We are people of the light,
we worship the God of the living, the God who makes all things new.’

John’s vision shows God making his home among us, just as in Jesus,
God walked the earth for a time.
We see the ongoing work of God, healing and renewing the heavens and the earth.
We see what the kingdom of God looks like:
no oppression, because there are no more tyrants, or bullies.
No more tears, or pain, or suffering, or death.
A place of light, not darkness, and that light, coming from God himself;
a place of welcome, where the gates are always open;
a place of healing – not just of physical wounds, but of broken relationships –
we see new accord between nations, and, no more war;
a place of life – where the river of the water of life flows, and is freely given to all.

As we hear the description of this new Jerusalem,
we hear again the echoes of the first Creation story:
here, in Revelation, God begins again –
starts afresh, walks in the new Creation with his people once more…
in one sense, this is set in the future at the end of all days.
But it’s also set in the context of the present in which John’s readers live:
they live in the now and the not yet.
The vision encourages them to stay the course,
for they are shown how the story ends…
and they also stay the course, because they understand that they are part of
bringing in the end of darkness and death,
for they live in Christ, and they have the hope of resurrection in their hearts.
John’s message to them is that,
no matter what person sits on a throne of power,
what matters is that the ultimate power is God’s.

That message is not only for those living in the 1st century under Roman rule.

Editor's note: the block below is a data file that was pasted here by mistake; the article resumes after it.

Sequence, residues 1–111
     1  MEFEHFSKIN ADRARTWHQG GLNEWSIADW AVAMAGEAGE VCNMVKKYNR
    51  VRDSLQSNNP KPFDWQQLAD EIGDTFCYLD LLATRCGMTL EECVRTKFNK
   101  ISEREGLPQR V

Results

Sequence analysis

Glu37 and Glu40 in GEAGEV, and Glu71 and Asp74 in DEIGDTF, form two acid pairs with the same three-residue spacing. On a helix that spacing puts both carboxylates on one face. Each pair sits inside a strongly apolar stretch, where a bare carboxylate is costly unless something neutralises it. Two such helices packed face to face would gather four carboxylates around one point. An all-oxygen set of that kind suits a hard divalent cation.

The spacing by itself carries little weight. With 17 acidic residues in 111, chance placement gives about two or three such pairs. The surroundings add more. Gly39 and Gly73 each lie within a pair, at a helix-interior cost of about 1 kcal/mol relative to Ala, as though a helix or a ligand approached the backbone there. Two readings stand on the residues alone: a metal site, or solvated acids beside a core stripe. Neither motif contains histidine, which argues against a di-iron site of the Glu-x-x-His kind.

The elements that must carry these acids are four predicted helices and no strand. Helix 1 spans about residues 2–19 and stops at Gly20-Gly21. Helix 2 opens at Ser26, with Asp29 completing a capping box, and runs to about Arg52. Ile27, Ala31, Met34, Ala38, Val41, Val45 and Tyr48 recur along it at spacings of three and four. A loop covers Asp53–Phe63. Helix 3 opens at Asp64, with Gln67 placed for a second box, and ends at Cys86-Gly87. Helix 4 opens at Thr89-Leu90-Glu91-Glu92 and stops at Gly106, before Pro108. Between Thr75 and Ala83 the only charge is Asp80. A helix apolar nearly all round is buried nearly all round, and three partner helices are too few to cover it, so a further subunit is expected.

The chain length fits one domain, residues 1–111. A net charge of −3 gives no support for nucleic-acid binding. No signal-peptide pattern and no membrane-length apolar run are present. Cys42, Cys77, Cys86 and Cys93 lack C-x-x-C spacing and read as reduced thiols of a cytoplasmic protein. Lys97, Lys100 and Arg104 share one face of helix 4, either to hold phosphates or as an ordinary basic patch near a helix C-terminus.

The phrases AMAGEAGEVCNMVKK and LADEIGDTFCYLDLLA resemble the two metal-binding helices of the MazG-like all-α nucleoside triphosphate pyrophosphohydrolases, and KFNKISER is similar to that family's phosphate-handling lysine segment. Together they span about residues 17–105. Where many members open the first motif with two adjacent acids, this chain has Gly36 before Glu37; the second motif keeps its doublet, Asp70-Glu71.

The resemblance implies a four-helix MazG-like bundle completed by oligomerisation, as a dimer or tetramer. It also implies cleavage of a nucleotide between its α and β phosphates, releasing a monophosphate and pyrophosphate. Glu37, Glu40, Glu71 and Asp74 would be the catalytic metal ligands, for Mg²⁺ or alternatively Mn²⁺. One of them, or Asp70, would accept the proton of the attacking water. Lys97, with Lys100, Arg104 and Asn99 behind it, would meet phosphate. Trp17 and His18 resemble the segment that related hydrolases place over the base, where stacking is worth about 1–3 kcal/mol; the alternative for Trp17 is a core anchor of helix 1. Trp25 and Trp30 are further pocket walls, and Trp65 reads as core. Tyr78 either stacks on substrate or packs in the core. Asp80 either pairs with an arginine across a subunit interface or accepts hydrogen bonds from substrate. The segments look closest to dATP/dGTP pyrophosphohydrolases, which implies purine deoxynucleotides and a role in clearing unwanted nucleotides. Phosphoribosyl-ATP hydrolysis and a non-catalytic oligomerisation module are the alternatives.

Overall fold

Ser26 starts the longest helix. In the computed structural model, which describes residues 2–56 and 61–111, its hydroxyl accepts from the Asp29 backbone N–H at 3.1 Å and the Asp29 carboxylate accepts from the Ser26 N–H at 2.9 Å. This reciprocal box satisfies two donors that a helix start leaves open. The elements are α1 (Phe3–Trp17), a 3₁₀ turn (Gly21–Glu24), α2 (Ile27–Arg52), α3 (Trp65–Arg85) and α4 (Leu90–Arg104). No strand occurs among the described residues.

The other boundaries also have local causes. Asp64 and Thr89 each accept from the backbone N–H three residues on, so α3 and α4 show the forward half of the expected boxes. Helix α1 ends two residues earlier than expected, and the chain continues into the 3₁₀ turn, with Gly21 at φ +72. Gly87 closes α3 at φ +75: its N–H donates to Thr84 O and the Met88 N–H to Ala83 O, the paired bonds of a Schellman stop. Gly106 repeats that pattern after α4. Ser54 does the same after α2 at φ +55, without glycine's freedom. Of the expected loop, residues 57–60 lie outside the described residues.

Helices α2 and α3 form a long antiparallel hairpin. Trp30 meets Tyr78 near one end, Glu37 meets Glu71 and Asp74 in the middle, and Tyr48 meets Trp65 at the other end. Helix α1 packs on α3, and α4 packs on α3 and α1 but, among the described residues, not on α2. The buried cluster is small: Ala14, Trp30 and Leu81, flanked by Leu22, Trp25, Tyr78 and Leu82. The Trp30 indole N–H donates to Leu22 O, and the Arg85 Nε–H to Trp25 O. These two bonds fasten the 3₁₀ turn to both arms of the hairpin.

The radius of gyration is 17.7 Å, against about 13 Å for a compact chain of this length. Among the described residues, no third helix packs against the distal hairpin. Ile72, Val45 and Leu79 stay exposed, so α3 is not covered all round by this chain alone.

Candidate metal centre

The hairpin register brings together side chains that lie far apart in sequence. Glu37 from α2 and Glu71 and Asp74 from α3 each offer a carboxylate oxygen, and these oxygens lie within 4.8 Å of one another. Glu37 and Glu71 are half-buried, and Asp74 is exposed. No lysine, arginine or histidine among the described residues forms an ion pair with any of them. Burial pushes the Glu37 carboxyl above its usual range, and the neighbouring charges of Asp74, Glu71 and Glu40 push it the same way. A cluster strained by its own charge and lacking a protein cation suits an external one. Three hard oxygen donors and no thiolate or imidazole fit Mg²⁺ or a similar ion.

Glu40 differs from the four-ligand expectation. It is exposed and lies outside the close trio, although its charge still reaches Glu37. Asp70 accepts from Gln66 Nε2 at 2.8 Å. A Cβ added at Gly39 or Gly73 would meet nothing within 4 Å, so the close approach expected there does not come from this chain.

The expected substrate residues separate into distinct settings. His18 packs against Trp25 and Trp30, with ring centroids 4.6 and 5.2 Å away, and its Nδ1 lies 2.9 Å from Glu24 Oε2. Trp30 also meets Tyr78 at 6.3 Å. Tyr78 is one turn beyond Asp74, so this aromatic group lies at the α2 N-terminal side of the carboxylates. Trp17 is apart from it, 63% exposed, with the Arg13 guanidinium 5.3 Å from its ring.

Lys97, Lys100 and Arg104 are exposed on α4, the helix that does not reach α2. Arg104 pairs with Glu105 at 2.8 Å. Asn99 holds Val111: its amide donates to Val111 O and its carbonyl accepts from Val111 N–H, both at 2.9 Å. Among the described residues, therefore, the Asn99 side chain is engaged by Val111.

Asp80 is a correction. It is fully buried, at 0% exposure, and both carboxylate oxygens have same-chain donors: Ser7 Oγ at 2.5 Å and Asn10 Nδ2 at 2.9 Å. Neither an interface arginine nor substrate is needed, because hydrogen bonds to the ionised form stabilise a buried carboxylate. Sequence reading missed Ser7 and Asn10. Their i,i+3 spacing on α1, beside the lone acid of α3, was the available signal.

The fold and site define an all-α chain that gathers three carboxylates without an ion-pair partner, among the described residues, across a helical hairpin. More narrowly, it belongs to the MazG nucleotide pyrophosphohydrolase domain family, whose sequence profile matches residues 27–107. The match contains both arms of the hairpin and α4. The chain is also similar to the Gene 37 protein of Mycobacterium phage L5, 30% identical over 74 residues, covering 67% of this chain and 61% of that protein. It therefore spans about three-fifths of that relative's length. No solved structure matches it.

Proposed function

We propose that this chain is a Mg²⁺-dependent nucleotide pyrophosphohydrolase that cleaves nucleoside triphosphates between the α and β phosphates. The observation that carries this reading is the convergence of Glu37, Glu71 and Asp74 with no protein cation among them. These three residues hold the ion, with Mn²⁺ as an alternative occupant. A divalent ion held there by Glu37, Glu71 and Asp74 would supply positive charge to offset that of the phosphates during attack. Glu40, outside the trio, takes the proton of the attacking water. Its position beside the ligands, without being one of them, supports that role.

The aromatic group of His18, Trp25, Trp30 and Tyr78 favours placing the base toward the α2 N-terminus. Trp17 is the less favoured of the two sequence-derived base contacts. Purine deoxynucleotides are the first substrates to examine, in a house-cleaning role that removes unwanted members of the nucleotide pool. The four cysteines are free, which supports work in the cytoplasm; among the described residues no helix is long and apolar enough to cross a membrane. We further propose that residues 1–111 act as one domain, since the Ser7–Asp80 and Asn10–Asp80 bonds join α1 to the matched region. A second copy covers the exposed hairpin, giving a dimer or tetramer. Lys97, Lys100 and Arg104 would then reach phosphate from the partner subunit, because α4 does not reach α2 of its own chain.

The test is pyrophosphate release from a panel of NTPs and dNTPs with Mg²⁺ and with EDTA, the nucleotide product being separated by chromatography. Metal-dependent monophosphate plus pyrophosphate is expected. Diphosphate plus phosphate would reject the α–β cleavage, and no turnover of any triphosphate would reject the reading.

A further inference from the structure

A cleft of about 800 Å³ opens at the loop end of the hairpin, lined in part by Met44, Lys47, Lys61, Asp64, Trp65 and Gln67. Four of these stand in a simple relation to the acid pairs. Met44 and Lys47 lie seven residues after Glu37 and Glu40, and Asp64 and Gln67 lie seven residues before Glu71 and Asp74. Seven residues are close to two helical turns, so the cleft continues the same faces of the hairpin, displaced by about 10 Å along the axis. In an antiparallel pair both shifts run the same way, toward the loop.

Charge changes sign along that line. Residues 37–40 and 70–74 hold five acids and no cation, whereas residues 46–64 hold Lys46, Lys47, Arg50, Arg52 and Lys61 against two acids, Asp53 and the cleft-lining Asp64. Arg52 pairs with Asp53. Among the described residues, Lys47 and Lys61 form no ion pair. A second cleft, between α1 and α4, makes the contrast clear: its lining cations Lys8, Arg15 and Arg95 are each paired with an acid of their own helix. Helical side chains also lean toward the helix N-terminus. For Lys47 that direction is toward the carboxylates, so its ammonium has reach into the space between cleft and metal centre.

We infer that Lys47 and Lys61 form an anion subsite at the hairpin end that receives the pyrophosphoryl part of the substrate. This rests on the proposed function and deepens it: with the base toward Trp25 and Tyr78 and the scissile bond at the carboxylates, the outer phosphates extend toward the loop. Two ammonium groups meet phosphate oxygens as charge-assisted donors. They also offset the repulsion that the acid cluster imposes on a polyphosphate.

We live in turbulent times –
where it feels like madness sits in the highest places of power around the world.
We feel the rise of those around us who
would do violence to people because they’re different in some way –
just as in the 1st century, Christians were different.
Some of us may feel fearful as we see what’s happening in our world,
our own country,
even in our own neck of the woods.
But, remember those words of Jesus:
‘Do not be afraid.’
Remember the message to the early Christians given to John in a most unusual way
and yet, a message giving hope to those living in terrible times:
God triumphs.
Hate doesn’t win. Love does.
The old, rotten structure is swept away –
death is destroyed and God makes all things new….life wins.

Toward the end of Revelation, there’s an invitation:
whoever is thirsty, come, take the free gift of the water of life.
That life is available to us now, in Jesus, who IS the living water.
As we drink deeply of the water that he gives, so we are strengthened
and have our hope in the One who makes all things new.
In that strength, in that hope,
so we are called to go and do the work of bringing in the new kingdom.
So, come, drink deeply of the free gift of the water of life…this day, and every day.
Come, and live into the power of the resurrection –
be made new once more by the One who calls you his people.

Let’s pray
Speak to us, Giver of Life, and make us new.
We thirst for the waters of eternal life,
we yearn to know ourselves
as Resurrection People.
Send your Holy Spirit upon us this day,
and create in us your new heaven and new earth.
Speak to us words of comfort and hope,
words of challenge and courage.
Come: move among us, we pray,
in Jesus’ name, amen.

Tuesday, 22 August 2017

UCPC Events: coffee morning

UCPC ANNUAL COFFEE MORNING - food, fun, and fund-raising
It's back! Our annual coffee morning will be held once again in Roberton Village Hall.
Choose your morning tea from a selection of mouth-watering home baking, 
check out what's on offer to buy from our making and baking stalls, 
see what fabulous item/s you might just take home from our tombola...
Let your friends and neighbours know, 
and come along to join us on Sat 9 September, from 10.30

Sunday, 20 August 2017

Sermon, Sun 20 Aug - 'Spirit of life'...wk50 of WMRBW

A bit of an out of the pulpit experience this morning, beginning at the doors to the worship space, and moving along... eventually staying at the mini-lectern by the front pew.

Readings for the morning: Ps 90; Phil 1:20-30;
Luke 20:27-38

Let’s pray: may the words of my mouth and the
thoughts of all our hearts be acceptable in your sight,
O Lord, our strength and our redeemer. Amen.

[from the entrance doors]
Let’s pretend, for a moment, that our aisle is a timeline…
and, let’s say that here, at the doors,
it’s way back at the dawn of civilization: